<meta http-equiv="type of server interaction here (ie. refresh)" content="what the interaction does">

<!-- Http-equiv meta tag with content in it -->
<meta http-equiv="refresh" content="5;URL=http://www.google.com">

Alright and thats it for the background now it is time to work on your questions :)!

  1. As you can see if you read the background information only the name and http-equiv meta tags will need content attributes as well. Basically those attributes just describe what the meta tag itself is describing so in my example I had the author tag and it basically describes the author of the website so in my content attribute I put my name.

  2. Only use the meta tags you need, because this is a simple website you only really need the charset tag. You will know if you are using HTML5 based on the DOCTYPE of your html document. The non-html5 documents are considered obsolete because they use old or inferior technology (sorry if the answer seemed obvious). Example:

<!-- HTML5 DOCTYPE -->
<!DOCTYPE html>

<!-- HTML 4.01 Transitional DOCTYPE  (Obsolete do not use) -->
<!DOCTYPE HTML PUBLIC "-//W3C//DTD HTML 4.01 Transitional//EN" "http://www.w3.org/TR/html4/loose.dtd">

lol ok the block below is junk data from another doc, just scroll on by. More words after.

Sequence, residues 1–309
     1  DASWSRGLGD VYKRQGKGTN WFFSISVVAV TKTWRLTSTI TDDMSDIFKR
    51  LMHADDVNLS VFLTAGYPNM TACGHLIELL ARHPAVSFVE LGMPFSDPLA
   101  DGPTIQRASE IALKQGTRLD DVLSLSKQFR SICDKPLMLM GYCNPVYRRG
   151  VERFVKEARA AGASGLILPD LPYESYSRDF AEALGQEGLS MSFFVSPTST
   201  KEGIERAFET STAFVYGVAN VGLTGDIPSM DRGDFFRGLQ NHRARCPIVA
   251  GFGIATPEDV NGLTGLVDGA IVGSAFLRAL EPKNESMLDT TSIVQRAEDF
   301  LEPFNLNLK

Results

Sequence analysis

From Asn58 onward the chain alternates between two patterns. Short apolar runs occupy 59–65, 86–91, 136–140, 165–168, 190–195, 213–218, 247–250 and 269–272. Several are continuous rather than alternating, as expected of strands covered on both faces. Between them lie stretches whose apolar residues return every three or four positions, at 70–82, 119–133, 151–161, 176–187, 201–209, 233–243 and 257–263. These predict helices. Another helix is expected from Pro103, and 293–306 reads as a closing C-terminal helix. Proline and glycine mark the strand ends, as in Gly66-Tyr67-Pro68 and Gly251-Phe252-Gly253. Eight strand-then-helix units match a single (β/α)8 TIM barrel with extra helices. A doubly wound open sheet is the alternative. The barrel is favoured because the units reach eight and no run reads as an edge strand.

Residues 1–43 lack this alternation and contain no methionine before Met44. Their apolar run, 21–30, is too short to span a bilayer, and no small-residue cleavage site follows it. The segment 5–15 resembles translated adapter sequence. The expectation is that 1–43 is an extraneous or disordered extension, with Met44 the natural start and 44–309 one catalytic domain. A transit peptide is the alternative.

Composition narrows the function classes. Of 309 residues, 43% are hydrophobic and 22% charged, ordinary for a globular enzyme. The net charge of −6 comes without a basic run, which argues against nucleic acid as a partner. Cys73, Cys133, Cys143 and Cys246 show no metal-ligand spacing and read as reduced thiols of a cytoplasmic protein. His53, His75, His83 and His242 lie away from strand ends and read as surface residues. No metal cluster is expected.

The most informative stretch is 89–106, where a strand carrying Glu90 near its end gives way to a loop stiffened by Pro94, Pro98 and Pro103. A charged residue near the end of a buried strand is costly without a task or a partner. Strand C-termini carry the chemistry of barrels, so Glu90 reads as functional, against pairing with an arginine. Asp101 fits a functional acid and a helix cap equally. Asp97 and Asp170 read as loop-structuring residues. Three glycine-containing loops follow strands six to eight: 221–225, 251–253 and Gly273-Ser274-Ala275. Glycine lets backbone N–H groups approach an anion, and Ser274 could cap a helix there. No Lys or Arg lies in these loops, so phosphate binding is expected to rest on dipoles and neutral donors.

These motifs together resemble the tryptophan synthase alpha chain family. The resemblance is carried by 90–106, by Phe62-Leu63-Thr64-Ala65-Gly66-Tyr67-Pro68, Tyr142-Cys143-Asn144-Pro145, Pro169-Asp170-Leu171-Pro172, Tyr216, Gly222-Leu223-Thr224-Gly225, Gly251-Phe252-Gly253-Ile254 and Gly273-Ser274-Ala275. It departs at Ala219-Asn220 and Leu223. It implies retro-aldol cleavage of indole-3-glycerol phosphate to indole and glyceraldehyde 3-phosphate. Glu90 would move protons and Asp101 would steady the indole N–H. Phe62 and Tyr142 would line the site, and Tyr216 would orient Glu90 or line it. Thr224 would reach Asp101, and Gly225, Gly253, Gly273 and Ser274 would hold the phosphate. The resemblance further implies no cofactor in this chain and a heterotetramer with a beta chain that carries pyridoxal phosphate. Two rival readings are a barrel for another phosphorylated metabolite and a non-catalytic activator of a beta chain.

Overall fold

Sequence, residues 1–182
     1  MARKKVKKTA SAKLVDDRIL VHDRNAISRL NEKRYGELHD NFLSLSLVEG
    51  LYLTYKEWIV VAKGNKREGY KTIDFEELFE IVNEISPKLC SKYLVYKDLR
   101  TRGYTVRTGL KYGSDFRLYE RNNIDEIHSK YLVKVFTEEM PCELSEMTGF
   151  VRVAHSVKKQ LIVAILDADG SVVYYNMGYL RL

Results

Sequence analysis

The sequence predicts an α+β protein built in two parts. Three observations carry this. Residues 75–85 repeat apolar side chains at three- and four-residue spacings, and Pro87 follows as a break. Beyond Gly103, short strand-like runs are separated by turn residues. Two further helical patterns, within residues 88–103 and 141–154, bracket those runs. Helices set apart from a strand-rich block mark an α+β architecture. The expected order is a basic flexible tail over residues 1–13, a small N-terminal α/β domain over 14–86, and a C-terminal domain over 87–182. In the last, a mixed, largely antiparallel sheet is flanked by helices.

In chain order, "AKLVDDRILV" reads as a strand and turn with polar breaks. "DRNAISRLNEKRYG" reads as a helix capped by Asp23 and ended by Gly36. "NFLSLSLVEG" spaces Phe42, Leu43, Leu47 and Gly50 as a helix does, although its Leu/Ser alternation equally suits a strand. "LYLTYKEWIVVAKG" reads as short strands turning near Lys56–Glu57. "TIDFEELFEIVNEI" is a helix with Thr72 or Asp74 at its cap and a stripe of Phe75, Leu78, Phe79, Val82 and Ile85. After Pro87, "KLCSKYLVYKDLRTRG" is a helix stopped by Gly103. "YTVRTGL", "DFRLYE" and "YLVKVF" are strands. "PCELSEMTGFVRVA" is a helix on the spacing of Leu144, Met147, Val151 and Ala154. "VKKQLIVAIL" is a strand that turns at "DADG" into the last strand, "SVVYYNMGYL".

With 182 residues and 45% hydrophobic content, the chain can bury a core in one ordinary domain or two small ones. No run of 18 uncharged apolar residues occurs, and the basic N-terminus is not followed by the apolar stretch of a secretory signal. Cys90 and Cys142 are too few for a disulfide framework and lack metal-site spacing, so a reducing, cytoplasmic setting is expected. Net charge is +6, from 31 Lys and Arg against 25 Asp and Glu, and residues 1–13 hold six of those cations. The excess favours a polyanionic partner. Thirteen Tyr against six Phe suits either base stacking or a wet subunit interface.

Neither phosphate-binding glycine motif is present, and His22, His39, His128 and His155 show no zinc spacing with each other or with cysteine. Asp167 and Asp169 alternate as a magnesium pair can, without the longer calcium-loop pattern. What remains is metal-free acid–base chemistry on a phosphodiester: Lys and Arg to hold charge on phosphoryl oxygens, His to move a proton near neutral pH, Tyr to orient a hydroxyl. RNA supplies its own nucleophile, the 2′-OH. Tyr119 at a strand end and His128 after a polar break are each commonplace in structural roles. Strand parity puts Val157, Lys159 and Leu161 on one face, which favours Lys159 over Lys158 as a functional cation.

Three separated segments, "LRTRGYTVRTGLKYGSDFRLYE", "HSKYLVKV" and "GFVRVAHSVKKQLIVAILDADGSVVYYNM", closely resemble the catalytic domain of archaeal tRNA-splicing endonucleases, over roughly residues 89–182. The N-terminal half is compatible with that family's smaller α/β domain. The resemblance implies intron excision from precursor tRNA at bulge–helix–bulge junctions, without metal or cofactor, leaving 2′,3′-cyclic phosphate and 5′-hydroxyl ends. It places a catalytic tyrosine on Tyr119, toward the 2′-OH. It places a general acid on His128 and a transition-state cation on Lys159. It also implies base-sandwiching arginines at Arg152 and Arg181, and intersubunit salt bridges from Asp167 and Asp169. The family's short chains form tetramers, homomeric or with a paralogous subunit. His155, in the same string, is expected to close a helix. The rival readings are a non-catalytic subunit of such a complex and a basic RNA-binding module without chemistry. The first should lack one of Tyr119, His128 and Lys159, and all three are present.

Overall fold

<!-- XHTML 1.0 DOCTYPE (Obsolete do not use) -->
<!DOCTYPE html PUBLIC "-//W3C//DTD XHTML 1.0 Strict//EN" "http://www.w3.org/TR/xhtml1/DTD/xhtml1-strict.dtd"> 
  1. In my experience the refresh tag has never been that important. You can accomplish the same thing and with much more control with other web languages like javascript or PHP. All this tag does is referesh the page whenever the specified amount of seconds has been reached, or refreshes the page to a different URL when the specified time is reached and a URL is given.

  2. I can't answer for all other web developers out there but yes I do believe that the viewport tag is used by every responsive web site out there. If it isn't it SHOULD be and personally I believe it should become a standard. You would want to use this even with media queries because they allow smaller devices like an iphone or android to use their viewports width and height as the width and height that need to be compared in the media queries. Basically it prevents responsive designs from breaking!

  3. Eh, I would use the tag just for the SEO (Search Engine Optimization) that it provides, even though that tag is on its way out, you may as well abuse it until they deprecate it.

  4. Yeah, basically and don't forget the charset as well. I find that as long as you use these you will have a decent website meta tag list. If you work with a major company or what not they will usually have an SEO Analyst or someone like that who will let the developers know what extra meta tags need to be added for SEOs sake.

Hopefully this was helpful to you and I apologize for the long read!

Dane Parchment
Dane Parchment
Treehouse Moderator 11,075 Points

Here are two really great resources for you:

This one is a reference to the html meta tag and its attributes, important to know, but may be a bit hard to read - https://developer.mozilla.org/en-US/docs/Web/HTML/Element/meta